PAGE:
By the halfway point of the year, things are becoming blasé, and some are already showing signs of Princess Syndrome.  By the end of the year, so many of the girls who started out so well have been lost to it.  The skirts become short enough to be little more than long belts.  The socks turn black, pink, purple or spotty.  Piercings abound, and there’s enough makeup on each face to supply the entire cast of a uni theatre production for the whole run of performances.

Appearances aside, there’s the attitude component as well, and that’s the problem.  They can dress like Hugo Weaving circa 1994 all they like, and it doesn’t concern me, so long as they don’t adopt a similarly ne’er-do-well attitude to their studies along with it, but that is what unfortunately tends to happen.  I see two main archetypes, though there are many more minor varieties.

The Pretty Little Drip

“Oh, I can’t learn things, I’m a girl.  I can’t be smart and pretty at the same time!”

I’ve hit puberty, and discovered boys.  Did you know that there were these whole other kinds of people in the world?  Male ones?  Male ones who are suddenly really really interested in me and anyone else with two X chromosomes? (Oh wait, they didn’t pay attention to that part of the lesson and know nothing about chromosomes…)  But wait – they won’t like me if I’m smart.  I have to giggle inanely, bat my eyelashes at them, and wear my skirt as short as possible so that they’ll look at me.  And that means they like me…. right??  But they won’t like me if they think I’m good at anything, so I have to pretend I don’t care and I’m just a dumb, giggly girl.

The Angelica Graynamore

“Would you like to hear one of my poems?”
“Long ago, the delicate tangles of his hair… covered the emptiness of my hand… Would you like to hear it again?”
“Long ago, the delicate tangles of his hair… covered the emptiness of my hand.”
– Joe Versus The Volcano

I am deep.  I think I am deep.  I’m so busy being deep that I haven’t realised that I’m actually being quite shallow.  I write soppy poems throughout my diary and am mortally offended if anyone looks at them.  I spend so much time being deep and contemplating my depth that I never seem to be able to pay attention to anything happening around me.

I find both of these quite irritating – the former in particular – and this was the basis for the above quote.  I was lamenting how lovely my Year 7 Maths class was, and how it was all going to change in a few months.  I begged them not to become Neanderthals or Princesses, and stop learning because of some ongoing act of silliness.  “Maths,” I waxed lyrical, “Is as beautiful as a sunrise.”

I’m finding that this year in particular, I’m trying to be a more positive role model, to try to offset the inevitable pubertal learning decline that all kids seem to go through.  I’ve been wearing dresses to work, and on some occasions, downright flouncy ones at that.  Hair up, jewellery on, heeled shoes except when I’m teaching Science classes and swap them out for my Blundstones.  I’ve been dialling up the feminine, and I have to admit, I’m rather enjoying it – as ridiculous as it sounds, walking back to the car after paying for petrol and knowing perfectly well that the guy in that car is checking you out even after two kids is something of a confidence boost.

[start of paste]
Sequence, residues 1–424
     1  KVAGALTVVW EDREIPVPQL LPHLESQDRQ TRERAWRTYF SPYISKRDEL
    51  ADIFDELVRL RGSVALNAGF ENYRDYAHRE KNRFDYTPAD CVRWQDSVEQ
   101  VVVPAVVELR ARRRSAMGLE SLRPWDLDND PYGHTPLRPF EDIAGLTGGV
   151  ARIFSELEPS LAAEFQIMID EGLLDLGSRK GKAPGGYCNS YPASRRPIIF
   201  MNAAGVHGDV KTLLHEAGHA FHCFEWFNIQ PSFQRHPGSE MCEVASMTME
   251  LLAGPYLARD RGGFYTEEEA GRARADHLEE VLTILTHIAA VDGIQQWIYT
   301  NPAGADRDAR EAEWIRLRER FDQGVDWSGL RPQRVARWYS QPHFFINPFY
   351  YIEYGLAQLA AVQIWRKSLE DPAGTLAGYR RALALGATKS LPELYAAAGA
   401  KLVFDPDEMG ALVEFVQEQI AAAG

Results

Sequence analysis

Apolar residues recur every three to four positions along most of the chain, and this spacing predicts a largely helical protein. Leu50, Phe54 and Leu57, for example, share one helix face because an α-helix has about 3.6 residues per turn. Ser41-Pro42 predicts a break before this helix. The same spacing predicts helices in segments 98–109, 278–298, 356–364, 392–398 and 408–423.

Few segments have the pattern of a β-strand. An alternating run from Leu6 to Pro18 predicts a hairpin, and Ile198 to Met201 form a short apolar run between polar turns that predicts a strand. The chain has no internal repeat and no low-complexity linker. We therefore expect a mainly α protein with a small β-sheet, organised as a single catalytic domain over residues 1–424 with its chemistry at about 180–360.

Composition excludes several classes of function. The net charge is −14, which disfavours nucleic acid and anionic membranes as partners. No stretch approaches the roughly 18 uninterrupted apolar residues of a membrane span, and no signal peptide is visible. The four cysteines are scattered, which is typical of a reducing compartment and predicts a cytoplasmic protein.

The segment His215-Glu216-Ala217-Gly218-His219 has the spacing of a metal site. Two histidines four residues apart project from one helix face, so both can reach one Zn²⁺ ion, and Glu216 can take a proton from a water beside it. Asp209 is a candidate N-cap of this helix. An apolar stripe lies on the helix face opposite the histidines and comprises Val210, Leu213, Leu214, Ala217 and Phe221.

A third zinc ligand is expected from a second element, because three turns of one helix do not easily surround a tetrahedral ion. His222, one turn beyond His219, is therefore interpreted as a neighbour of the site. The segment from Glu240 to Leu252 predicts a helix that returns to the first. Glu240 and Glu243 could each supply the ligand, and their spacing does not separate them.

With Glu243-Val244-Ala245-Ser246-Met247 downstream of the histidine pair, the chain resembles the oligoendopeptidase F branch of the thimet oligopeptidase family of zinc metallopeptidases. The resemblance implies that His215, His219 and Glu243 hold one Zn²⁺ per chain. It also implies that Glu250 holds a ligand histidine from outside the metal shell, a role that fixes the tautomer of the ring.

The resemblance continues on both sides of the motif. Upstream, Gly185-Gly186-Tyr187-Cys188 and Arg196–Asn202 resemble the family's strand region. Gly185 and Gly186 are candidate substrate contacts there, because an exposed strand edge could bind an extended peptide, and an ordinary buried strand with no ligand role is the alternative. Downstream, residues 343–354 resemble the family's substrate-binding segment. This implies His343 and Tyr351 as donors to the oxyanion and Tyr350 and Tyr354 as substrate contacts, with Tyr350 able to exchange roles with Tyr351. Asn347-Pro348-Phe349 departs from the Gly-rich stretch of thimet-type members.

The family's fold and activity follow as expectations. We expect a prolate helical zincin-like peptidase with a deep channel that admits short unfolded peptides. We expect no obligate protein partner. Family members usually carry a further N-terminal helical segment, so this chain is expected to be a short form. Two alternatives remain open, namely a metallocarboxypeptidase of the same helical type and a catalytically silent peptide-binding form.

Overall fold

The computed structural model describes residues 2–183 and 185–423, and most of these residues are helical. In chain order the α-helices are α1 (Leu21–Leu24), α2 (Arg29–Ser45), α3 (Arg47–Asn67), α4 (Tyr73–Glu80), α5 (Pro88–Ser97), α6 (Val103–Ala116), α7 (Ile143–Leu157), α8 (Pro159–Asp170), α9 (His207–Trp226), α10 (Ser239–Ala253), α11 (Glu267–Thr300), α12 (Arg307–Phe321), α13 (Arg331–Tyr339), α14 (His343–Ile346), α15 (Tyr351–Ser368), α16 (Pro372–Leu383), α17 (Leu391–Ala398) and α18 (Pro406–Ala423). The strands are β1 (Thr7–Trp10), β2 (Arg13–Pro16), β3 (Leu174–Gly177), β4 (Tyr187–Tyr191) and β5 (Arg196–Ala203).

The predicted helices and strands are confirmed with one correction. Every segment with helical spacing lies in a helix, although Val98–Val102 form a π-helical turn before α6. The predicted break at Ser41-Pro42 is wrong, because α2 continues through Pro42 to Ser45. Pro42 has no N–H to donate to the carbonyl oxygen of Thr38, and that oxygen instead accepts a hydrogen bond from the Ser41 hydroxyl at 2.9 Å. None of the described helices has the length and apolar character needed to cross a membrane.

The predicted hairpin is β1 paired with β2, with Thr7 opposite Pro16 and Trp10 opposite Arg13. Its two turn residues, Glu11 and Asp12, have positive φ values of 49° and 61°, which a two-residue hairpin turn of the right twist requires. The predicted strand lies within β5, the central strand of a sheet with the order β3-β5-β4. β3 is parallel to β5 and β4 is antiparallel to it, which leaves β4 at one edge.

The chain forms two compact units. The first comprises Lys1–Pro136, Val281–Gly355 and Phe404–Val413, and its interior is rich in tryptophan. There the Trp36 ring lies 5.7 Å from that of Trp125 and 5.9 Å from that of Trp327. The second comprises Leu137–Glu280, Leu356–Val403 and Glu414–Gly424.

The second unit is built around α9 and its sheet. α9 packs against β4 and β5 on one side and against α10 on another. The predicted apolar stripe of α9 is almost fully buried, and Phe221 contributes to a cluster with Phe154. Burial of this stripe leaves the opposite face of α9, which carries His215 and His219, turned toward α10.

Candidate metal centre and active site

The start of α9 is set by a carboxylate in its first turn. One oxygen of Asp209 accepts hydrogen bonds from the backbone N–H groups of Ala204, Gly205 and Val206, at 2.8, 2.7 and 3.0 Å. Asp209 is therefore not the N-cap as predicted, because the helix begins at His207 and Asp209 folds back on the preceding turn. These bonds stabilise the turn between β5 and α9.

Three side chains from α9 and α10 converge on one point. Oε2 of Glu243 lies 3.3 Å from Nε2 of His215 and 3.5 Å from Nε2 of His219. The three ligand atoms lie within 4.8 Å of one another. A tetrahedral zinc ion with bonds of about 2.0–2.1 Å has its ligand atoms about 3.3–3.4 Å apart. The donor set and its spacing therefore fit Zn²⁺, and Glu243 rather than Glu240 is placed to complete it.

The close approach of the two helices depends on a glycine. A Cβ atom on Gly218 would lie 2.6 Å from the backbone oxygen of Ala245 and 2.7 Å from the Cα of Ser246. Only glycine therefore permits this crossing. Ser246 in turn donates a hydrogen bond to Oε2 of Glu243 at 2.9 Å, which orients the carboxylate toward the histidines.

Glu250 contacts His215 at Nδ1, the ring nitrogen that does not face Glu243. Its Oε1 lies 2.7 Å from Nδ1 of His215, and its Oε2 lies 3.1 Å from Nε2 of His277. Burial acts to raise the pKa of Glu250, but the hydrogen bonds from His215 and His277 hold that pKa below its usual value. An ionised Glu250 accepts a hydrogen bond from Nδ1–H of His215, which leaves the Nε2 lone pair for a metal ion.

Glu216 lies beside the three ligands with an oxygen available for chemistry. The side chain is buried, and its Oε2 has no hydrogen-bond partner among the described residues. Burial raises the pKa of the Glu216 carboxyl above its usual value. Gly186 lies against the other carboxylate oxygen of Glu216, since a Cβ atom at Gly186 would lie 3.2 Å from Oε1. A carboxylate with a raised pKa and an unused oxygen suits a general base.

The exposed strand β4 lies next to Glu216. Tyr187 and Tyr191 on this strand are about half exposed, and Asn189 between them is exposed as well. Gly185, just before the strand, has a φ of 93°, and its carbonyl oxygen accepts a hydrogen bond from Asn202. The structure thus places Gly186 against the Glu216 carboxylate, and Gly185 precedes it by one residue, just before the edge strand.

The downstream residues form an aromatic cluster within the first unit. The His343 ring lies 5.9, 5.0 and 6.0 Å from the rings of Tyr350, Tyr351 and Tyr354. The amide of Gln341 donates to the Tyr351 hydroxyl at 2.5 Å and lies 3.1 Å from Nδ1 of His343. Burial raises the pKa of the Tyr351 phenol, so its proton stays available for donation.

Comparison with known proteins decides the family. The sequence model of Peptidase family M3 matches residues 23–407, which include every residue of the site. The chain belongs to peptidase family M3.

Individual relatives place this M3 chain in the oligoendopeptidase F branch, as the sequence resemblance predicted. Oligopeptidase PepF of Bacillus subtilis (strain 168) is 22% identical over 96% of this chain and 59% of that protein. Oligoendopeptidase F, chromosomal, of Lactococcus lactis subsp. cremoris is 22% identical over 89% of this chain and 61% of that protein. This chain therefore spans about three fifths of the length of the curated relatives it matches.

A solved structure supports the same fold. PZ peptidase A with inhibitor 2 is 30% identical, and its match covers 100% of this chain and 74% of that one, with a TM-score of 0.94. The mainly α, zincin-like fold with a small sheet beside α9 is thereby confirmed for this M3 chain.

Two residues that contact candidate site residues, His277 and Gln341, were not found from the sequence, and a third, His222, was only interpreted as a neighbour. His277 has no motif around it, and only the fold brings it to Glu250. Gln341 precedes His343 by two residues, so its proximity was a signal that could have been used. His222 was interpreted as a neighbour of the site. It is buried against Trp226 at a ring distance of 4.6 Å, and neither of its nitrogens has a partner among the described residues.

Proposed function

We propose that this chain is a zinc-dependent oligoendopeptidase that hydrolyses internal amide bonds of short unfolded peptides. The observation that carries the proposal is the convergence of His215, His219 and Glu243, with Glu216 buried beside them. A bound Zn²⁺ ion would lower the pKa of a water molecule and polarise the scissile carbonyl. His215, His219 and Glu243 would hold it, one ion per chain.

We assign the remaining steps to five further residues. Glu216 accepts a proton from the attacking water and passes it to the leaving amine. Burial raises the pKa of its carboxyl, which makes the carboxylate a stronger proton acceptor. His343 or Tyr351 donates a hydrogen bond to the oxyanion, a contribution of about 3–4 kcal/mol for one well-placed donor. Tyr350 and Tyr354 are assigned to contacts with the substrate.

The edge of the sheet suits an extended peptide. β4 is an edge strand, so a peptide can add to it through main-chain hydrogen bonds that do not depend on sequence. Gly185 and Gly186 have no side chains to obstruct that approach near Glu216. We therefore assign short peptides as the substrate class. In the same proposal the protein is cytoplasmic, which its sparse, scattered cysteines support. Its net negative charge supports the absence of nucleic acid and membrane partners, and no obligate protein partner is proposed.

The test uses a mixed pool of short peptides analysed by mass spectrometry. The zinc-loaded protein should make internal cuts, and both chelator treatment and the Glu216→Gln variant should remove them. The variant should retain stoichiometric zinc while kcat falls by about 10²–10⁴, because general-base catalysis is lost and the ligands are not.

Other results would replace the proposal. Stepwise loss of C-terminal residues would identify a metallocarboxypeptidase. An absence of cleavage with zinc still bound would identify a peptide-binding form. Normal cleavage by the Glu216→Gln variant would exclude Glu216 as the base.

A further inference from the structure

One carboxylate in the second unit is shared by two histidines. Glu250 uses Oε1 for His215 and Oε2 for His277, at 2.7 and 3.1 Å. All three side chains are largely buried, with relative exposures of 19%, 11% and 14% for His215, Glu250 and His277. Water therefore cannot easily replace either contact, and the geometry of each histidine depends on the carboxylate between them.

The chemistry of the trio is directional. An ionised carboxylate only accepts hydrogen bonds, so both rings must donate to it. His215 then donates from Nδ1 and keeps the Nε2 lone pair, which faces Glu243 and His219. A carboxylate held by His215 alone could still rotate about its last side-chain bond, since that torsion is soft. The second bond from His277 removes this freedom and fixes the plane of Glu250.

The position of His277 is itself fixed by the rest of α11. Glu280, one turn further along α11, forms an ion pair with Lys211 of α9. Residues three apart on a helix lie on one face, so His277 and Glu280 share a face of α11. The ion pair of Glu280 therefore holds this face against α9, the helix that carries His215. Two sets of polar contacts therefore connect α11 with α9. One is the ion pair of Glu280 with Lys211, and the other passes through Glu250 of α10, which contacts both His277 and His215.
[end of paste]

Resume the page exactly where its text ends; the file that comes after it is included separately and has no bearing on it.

But at the same time, I’m also being my usual self.  The one that builds dioramas for the sheer fun of it, climbs over toilet walls at the swimming sports because the door is locked to get to the leaking toilet, fiddles with the cistern and stops the leak, puts together flat-pack like a boss, exuberantly tries to make learning academic subjects like science and maths a riot of eccentric educational madness, bites off more that I can chew and still manages to chew it all somehow, and fixes school furniture wherever possible in order to avoid wasting the maintenance guys’ time with minor things like that, because frankly they have enough to do without having to deal with that kind of crap.

That’s my point, kids.  Boys as well as girls.  You can be feminine and still be made of awesome.  Smart is sexy.

In this same Maths class, I noticed that one of the table legs on the teacher table up the front was bent inwards, rendering it unstable.  This isn’t hard, they’re mass-produced and not particularly strong – I can bend the table legs with my bare hands.  It looked like someone had sat on it, or maybe sat and bounced a bit.  In any case, I saw it from the back of the room as I was circulating.  I twitched, and started moving my belongings to the floor.

“What are you doing?” asked one of the kids.

“I’m fixing the table leg.  It’s all bent and it’s annoying me.”  I turned the table on the side and stood on the wonky leg, pushing the table back to bend the leg back into the correct position.

It was at this point that the kids collectively started singing the Bob the Builder theme.  (Have I mentioned that he’s taking over my life?  My kids think he’s absolutely boss, and somehow, even when they’re not with me, he just keeps coming back… But Why even got me to set the theme song as my ringtone.  Still, at least it’s a cartoon I actually like rather than tolerate…)

I laughed and rolled my eyes. “Do I look like Bob the Builder to you?”

“Ha, you’re Wendy!” proclaimed one of the girls, “Oh my God, you’re just like her!”

“Ha!  Just because I have to compulsively fix wonky tables doesn’t mean I’m Wendy.  Now, do your maths!”